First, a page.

So, I'm currently making a software which must be able to compile Rust code (that is partly/totally auto-generated). The software should be accessible even to non-coders, and thus should ideally not force the user to install Rustup as well as an entire Rust tool-chain on their machine.
So far, I use the internal
rustc_... crates to do so. I also had to include the dynamic libraries
libLLVM, as the resulting binary required them. But, to compile your usual Rust source code, you need access to the core Rust crates, such as
core, and most likely
alloc, etc. Which are usually located in:
My question is the following: how would you go about this? Would you include all of the core Rust crates as well? Would you resort to asking the user to install Rust? Would you do something entirely different?
Also, how does this compare to the the way one would achieve this in C/C++, e.g. using
Thanks in advance!
Write code to be compiled into files and use the command-line tool. That's how the Rust toolchain is designed, that's what RustC developers expect, that's how the toolchain works best.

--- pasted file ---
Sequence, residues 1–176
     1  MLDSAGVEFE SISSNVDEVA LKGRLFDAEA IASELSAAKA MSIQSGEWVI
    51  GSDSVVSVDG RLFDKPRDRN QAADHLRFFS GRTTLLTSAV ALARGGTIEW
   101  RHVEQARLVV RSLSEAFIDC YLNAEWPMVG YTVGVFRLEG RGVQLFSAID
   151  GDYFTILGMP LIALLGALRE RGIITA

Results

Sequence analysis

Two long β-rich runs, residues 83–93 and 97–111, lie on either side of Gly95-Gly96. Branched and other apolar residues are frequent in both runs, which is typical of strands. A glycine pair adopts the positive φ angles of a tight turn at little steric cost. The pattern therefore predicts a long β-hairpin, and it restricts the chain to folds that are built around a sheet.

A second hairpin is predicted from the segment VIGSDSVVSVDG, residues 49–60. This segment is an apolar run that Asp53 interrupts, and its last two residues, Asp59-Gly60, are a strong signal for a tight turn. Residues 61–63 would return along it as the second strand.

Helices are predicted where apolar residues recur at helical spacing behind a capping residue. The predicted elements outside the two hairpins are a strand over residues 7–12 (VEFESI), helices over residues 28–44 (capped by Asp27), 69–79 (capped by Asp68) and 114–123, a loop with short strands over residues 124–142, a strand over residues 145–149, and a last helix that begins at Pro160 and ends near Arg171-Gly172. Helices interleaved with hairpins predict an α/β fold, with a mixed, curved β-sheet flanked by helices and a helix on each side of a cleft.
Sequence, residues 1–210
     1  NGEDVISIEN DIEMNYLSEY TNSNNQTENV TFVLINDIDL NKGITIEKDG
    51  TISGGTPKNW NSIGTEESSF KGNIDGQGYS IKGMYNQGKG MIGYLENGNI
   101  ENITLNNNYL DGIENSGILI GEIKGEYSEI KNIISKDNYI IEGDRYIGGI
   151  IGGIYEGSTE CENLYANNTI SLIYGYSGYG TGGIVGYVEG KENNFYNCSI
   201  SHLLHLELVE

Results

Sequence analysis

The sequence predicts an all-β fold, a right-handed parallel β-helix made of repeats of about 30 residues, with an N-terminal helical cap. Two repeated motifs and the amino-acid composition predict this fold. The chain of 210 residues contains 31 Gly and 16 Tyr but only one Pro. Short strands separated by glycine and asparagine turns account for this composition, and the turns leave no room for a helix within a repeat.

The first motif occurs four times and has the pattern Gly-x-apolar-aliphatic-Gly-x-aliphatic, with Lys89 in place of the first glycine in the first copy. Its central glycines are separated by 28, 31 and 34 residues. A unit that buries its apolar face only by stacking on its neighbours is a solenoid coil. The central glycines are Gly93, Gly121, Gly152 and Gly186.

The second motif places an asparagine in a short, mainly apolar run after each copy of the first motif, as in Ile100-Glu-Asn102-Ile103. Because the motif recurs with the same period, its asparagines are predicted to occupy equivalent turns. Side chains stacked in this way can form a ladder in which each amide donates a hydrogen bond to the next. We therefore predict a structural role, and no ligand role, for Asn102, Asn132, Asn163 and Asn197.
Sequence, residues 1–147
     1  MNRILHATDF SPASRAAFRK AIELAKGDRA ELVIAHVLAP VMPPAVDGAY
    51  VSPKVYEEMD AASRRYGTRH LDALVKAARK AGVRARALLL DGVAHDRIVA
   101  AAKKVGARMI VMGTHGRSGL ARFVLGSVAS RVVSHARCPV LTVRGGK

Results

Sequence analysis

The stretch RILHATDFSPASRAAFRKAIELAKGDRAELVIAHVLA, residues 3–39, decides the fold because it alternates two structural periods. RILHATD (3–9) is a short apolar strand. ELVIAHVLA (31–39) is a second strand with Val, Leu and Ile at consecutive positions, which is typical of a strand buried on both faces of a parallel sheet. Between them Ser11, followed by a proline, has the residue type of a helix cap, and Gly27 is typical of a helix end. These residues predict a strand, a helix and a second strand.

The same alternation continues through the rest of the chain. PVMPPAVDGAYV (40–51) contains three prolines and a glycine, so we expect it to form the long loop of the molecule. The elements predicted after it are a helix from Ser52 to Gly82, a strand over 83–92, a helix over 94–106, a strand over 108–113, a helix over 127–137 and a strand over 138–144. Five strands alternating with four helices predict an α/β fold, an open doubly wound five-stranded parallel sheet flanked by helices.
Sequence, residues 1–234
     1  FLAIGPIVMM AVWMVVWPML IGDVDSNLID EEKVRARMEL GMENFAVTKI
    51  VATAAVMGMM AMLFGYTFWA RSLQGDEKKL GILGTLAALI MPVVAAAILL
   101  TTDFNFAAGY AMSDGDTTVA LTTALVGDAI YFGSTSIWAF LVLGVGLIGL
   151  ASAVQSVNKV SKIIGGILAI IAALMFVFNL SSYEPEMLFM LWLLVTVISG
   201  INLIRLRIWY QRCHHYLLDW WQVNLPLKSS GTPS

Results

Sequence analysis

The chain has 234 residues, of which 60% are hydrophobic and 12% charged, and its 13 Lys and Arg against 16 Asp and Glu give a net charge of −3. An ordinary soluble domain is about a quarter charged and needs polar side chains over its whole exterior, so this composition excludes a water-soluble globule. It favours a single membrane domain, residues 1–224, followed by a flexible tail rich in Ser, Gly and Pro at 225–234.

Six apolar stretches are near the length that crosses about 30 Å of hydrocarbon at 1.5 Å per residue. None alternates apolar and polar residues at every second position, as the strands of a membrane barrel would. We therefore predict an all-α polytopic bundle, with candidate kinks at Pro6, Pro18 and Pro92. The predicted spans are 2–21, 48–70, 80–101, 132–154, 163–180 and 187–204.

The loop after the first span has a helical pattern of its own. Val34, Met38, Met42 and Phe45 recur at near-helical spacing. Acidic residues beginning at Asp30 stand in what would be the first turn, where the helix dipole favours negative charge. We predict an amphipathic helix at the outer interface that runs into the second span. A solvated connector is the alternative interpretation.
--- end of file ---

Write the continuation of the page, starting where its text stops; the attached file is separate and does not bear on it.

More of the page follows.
Tighter integration, like linking libraries into the binary, just brings up all kinds of headaches. Apparently you experienced some of them already: Rust requires all kinds of helper tools and crates, you'd have to maintain all of them. Other headaches would be dealing with updates, each tiny bugfix in the toolchain would require a new version of your software. Unless you have a bigger development team you'll have a hard time to keep up with all this, let alone advance your own software.
Don't re-invent the wheel, invent the future
P.S.: rustup ist just an installer, don't rely on that. Here on Debian/Ubuntu Rust works just fine, but no rustup anywhere. To find RustC, use ...
... on Linux and MacOS. Windows has certainly something similar.
libclang-based tools typically require the user to have already installed a full dev environment.
Okay then, I guess the solution will to be suggest the user to let the software install Rust automatically (if it is not there already), with the option to go the Rust website.
Thanks for the replies!
The other alternative is to search
PATH yourself, although if you do, don't forget to account for
IIRC it is possible to have rustup do an unattended install, so that could be made painless, in principle.
But given that a virgin Rust install (i.e. no crates downloaded from crates.io yet) can already occupy a couple of GiB, it is not so straightforward whether an unattended install for other people is wise.